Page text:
December 4th, 2013, by Tim Finin, posted in Google, Machine Learning, NLP

A post on Google’s research blog lists the major datasets for NLP and KB processing that Google has released in the past year. They include datasets to help in entity linking, relation extraction, concept spotting and syntactic analysis. Subscribe to the the Knowledge Data Releases mailing list for updates.

Google Top Charts uses the Knowledge Graph for entity recognition and disambiguation

May 23rd, 2013, by Tim Finin, posted in AI, Google, KR, NLP, OWL, Semantic Web

Top Charts is a new feature for Google Trends that identifies the popular searches within a category, i.e., books or actors. What’s interesting about it, from a technology standpoint, is that it uses Google’s Knowledge Graph to provide a universe of things and the categories into which they belong. This is a great example of “Things, not strings”, Google’s clever slogan to explain the importance of the Knowledge Graph.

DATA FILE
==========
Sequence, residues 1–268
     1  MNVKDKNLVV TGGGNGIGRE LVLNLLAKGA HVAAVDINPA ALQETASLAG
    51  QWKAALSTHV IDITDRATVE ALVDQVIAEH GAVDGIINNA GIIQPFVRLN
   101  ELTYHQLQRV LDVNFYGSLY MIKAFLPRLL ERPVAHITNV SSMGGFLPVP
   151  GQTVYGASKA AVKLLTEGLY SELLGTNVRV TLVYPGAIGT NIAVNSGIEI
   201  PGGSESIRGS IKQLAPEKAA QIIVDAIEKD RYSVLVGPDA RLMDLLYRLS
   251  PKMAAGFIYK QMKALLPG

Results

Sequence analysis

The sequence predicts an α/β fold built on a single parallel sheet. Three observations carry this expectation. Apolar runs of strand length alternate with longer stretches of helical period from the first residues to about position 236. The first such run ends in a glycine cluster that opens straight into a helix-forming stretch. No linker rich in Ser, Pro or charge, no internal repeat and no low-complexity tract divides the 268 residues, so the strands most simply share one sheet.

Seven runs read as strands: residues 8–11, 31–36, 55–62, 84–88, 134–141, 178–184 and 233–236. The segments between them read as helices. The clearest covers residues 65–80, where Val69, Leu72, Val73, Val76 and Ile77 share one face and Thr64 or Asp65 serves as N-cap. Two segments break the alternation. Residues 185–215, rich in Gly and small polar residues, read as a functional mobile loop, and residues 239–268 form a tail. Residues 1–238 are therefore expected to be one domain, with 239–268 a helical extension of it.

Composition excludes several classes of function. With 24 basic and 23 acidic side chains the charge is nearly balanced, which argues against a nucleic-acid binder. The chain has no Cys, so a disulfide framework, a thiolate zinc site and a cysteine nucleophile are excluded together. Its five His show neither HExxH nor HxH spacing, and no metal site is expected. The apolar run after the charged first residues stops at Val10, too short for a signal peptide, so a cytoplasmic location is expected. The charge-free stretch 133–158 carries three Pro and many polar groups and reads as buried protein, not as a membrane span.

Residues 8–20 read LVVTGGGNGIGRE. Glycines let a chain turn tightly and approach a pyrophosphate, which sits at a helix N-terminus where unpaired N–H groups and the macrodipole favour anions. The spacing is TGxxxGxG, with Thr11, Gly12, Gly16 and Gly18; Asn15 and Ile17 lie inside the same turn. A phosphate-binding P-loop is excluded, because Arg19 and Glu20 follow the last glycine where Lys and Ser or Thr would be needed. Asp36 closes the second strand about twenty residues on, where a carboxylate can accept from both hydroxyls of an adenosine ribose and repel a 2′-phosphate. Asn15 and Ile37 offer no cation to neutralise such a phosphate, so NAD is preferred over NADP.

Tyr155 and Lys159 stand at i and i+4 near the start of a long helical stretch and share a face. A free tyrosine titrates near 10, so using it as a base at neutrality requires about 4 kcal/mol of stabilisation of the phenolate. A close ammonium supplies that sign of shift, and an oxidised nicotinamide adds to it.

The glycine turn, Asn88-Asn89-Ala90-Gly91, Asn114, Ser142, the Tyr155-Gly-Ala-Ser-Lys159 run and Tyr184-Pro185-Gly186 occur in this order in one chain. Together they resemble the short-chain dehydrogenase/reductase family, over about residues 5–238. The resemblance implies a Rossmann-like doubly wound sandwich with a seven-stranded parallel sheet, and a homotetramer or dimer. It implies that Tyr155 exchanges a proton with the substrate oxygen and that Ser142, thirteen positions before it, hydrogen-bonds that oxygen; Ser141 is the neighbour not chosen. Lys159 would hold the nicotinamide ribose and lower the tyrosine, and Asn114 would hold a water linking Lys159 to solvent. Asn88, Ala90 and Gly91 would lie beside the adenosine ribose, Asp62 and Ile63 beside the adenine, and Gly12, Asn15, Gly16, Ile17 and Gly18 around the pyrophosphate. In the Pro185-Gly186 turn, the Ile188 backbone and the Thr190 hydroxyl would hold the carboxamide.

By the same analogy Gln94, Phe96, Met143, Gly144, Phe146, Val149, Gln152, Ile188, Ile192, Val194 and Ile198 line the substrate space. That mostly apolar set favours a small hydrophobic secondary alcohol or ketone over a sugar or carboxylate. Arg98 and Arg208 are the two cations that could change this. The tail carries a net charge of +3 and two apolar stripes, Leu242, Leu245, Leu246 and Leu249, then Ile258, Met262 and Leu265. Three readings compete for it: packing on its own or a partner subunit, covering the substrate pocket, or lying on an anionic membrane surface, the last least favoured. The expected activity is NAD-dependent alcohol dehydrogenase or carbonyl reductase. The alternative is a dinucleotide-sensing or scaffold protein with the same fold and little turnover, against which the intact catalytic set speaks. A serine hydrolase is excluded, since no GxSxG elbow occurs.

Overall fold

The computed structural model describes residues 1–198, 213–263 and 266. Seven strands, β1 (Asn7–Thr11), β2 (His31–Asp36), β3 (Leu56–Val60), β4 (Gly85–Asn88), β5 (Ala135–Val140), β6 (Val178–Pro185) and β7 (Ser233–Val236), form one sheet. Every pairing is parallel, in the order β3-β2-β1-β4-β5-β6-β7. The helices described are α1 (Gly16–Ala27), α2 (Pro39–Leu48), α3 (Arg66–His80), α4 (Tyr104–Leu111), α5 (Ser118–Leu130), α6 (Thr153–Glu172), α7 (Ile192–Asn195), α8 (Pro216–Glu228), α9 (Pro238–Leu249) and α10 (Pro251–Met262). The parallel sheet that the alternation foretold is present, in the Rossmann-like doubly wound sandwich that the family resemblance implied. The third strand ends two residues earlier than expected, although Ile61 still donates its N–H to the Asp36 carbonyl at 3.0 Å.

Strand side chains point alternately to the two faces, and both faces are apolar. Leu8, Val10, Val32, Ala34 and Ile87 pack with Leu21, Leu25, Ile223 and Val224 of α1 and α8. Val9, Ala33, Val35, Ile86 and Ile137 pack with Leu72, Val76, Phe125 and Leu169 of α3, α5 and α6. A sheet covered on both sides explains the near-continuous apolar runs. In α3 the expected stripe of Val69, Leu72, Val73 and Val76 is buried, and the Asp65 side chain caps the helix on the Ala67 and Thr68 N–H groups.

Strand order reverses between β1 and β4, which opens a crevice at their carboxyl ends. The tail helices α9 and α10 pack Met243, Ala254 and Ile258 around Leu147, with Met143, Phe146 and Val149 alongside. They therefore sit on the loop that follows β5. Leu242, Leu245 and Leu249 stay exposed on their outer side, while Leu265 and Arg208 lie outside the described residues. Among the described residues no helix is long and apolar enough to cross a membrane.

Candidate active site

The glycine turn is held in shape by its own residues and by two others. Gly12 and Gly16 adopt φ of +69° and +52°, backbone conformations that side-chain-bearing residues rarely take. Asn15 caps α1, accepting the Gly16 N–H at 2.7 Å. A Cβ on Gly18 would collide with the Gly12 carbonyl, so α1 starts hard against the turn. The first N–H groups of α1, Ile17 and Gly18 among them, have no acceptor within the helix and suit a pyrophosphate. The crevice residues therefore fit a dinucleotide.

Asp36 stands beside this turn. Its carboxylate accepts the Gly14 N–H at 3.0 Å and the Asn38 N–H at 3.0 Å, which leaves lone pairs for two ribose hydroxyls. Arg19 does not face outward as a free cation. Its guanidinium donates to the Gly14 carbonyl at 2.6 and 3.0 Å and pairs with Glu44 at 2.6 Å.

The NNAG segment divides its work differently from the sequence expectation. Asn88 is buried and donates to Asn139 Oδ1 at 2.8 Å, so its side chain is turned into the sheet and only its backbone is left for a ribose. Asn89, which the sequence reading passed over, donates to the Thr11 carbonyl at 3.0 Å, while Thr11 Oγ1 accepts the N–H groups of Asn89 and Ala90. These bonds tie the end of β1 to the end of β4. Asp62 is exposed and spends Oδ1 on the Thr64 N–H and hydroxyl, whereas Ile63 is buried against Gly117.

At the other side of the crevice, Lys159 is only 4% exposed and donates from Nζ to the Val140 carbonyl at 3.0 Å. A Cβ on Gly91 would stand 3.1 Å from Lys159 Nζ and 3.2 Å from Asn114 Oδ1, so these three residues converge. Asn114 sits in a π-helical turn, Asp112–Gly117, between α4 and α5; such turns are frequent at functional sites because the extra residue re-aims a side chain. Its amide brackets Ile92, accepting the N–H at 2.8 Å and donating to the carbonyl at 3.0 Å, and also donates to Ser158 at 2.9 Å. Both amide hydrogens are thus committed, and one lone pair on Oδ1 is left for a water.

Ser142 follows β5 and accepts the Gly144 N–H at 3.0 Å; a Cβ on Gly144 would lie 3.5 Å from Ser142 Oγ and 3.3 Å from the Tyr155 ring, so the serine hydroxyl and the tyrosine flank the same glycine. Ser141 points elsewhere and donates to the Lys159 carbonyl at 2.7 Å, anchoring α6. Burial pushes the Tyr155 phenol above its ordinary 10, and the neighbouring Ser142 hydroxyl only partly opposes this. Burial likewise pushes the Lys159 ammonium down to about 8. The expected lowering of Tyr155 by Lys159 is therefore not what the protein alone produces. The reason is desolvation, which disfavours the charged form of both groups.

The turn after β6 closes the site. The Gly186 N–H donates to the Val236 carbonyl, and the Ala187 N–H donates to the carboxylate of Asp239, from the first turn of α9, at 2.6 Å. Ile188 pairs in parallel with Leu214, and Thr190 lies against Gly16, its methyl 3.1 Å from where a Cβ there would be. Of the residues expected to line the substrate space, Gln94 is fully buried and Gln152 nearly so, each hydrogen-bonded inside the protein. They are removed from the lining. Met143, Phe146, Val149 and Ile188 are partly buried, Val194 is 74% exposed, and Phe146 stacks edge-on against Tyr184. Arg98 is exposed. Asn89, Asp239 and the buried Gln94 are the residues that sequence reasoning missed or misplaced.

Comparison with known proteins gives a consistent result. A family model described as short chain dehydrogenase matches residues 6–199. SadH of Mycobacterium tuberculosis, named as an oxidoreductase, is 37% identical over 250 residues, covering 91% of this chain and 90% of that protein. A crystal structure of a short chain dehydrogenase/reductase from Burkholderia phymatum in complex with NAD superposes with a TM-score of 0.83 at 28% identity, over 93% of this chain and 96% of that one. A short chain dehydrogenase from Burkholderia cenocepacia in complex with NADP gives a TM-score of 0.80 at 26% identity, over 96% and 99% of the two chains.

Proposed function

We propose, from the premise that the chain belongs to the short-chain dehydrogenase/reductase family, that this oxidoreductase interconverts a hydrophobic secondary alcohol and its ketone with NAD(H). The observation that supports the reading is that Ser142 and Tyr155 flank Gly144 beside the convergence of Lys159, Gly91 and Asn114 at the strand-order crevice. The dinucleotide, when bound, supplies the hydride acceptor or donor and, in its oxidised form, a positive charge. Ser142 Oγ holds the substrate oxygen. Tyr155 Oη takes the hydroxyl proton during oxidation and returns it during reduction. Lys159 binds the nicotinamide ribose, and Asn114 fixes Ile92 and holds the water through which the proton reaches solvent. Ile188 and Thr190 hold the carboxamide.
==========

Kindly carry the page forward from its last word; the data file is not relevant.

Here’s how it’s explained in in the Trends Top Charts FAQ.

“Top Charts relies on technology from the Knowledge Graph to identify when search queries seem to be about particular real-world people, places and things. The Knowledge Graph enables our technology to connect searches with real-world entities and their attributes. For example, if you search for ice ice baby, you’re probably searching for information about the musician Vanilla Ice or his music. Whereas if you search for vanilla ice cream recipe, you’re probably looking for information about the tasty dessert. Top Charts builds on work we’ve done so our systems do a better job finding you the information you’re actually looking for, whether tasty desserts or musicians.”